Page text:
RFK Jr. would be the worst possible President Kennedy
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We grew up inspired by the historic words of John F. Kennedy’s inaugural address: “Ask not what your country can do for you – ask what you can do for your country.” our hopes in his brother Robert F. Kennedy, who repeated George Bernard Shaw’s apt observation: “Some people see things as they are and say why? I dream things that never were and say why not?”
Kennedy’s legacy was one of public service and civic engagement, always seeking the common good.
Robert F. Kennedy Jr., son of a US attorney general and nephew of a president, turned the Kennedy legacy on its head. Beginning in 2003, RFK Jr. gave up his promising career as an environmentalist to embrace the libertarian agenda of anti-vaccine and anti-science activism—an intriguing and dangerous reversal from self-sacrifice to self-interest.
The triggering element was literally mercury. In 1998, British doctor Andrew Wakefield published an article in the lancet claims that thimerosal, a mercury preservative found in the measles, mumps, and rubella (MMR) vaccine causes autism. The lancet later retracted the article, its editor calling his statements “absolutely false,” while the British Medical Journal called Wakefield’s article “fraudulent”. British authorities revoked Wakefield’s medical license. However, distraught parents of autistic children still hug Wakefield, who now makes a fortune off anti-vaccination propaganda — and so does RFK Jr.
The irony runs deep here. RFK Jr. continues to incite a massive thimerosal conspiracy, even though the CDC does REMOVED Removed from most childhood vaccines, including MMR, in 2001. He has also stubbornly ignored an Institute of Medicine vaccine safety review and nine CDC-backed studies that showed no link between thimerosal and autism. Unfortunately, these days it’s not hard to sell the idea that the CDC and the rest of the public health community are embroiled in all manner of deception.
This week, with the blessing of no less than agent provocateur Steve Bannon, RFK Jr. filed papers with the Federal Elections Commission declaring his intention to oppose President Joe Biden for the 2024 Democratic presidential nomination, and apparently plans to continue his formal candidacy in Boston to announce April 19thth.
When four years ago two of RFK Jr.’s siblings (Kathleen Kennedy Townsend and former Rep. Joseph P, Kennedy II) joined niece and health care worker Maeve Kennedy McKean to publicize a sincere request to him, his unfounded Abandoning attacks on public health, many naively thought he would dig deep to discover his roots. Instead, RFK Jr. has doubled in size, built up the war chest of his anti-vax propaganda organization Children’s Health Defense to eight figures, a vicious rabble-rousing against Dr. Anthony Fauci publishes and joins the likes of Roger Stone at Reawaken America events.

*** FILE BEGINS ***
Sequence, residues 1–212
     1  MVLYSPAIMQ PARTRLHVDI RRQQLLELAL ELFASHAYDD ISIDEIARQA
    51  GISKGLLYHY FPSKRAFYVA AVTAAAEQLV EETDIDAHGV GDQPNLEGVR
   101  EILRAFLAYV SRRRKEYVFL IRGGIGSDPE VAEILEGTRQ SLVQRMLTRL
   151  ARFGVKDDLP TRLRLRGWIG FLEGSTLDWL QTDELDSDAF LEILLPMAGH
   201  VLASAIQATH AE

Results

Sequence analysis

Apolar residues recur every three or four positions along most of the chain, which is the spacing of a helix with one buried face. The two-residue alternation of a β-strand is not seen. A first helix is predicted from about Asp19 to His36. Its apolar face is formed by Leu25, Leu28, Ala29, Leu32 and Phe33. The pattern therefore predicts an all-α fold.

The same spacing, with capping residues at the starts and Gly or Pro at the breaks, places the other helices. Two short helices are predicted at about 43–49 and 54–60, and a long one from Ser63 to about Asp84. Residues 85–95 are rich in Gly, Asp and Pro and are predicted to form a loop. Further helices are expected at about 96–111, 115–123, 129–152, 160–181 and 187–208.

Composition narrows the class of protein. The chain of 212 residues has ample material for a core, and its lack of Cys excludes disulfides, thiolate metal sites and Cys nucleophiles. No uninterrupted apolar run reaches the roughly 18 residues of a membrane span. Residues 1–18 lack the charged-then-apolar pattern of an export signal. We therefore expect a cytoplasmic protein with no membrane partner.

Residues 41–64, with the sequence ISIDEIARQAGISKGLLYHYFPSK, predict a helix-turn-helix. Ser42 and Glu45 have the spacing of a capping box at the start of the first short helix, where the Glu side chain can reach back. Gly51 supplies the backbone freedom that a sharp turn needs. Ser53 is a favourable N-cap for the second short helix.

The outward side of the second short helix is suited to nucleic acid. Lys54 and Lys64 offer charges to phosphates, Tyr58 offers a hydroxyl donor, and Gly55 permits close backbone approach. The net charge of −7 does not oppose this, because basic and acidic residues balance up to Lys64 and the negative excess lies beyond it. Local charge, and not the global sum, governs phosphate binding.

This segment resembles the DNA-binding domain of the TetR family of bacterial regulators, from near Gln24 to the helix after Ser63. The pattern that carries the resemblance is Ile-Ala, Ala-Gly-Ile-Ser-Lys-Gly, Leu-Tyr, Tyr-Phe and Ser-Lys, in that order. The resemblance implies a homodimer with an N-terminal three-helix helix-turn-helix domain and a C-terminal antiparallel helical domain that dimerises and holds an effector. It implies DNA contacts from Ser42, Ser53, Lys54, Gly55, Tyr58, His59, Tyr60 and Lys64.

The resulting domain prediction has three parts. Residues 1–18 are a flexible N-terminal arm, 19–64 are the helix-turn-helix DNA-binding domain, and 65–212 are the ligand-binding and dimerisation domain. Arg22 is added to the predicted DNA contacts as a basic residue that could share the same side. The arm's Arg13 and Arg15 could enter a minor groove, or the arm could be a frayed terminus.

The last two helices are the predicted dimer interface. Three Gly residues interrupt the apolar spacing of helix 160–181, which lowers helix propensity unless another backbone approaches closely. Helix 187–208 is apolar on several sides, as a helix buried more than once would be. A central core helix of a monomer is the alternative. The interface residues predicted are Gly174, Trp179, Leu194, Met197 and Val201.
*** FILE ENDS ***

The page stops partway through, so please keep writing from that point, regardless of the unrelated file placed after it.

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Facebook and Instagram removed Children’s Health Defense’s account and named the organization one of the “Disinformation Dozen,” referring to the top 12 super spreaders of COVID-19 misinformation.
RFK Jr. stood at an anti-vaccination rally at the Lincoln Memorial last year and compared the COVID-19 vaccine mandates to Nazi Germany. His wife, actress Cheryl Hines, tweeted: “My husband’s reference to Anne Frank at a DC mandate meeting was reprehensible and insensitive. The atrocities suffered by millions during the Holocaust should never be compared to anyone or anything. His opinion does not reflect my own.”
Earlier this year, RFK Jr. and other anti-vaccine conspiracy theorists joined forces in a bizarre lawsuit blaming them Washington Post, BBC, Associated Press and Reuters for violating 19th-century antitrust laws by refusing to credit fake COVID-19 conspiracy theories and anti-vaccine misinformation. Here’s a man who would use his good name, the nation’s political system, and the courts to undermine vaccines, perhaps the greatest achievement of science of all time.
“RFK Jr. would never have received the public attention and opportunity to raise so much money for disinformation campaigns if it weren’t for the Kennedy name.”
This is a dizzying moment for the Kennedy legacy. It is also a dangerous moment for the nation.
Consider these worrying statistics. According to the CDC, coverage with two doses of MMR vaccine fell during the pandemic, equivalent to 250,000 children unprotected from deadly diseases. Vaccination against polio, chickenpox, diphtheria, tetanus, and acellular whooping cough also declined.
Unsurprisingly, feral polio was found in a religious community in New York City for the first time in a generation. Regarding COVID-19, researchers estimate that there have been 318,000 vaccine-preventable deaths because not even the primary series was received. Misinformation about COVID-19 vaccines is strongly linked to a decline in vaccination intent.
Even a well-known COVID denier, Donald Trump, failed to get behind RFK Jr., initially appointing him to head a vaccine safety panel but then resigning. And now Kennedy wants to use the platform of a presidential candidacy to bolster his anti-scientific agenda. RFK Jr. would never have received the public attention and opportunity to raise so much money for disinformation campaigns if it weren’t for the Kennedy name. It’s obvious his Democratic presidential bid won’t gain traction, but it’s already garnered a staggering amount of ink, and social media is saturated with his destructive messages about vaccines.
RFK Jr.’s obsession with casting doubt on the simply overwhelming scientific evidence that vaccines save lives is contrary to the common good. And it’s the opposite of the community spirit that Jack and Bobby Kennedy wanted for America.
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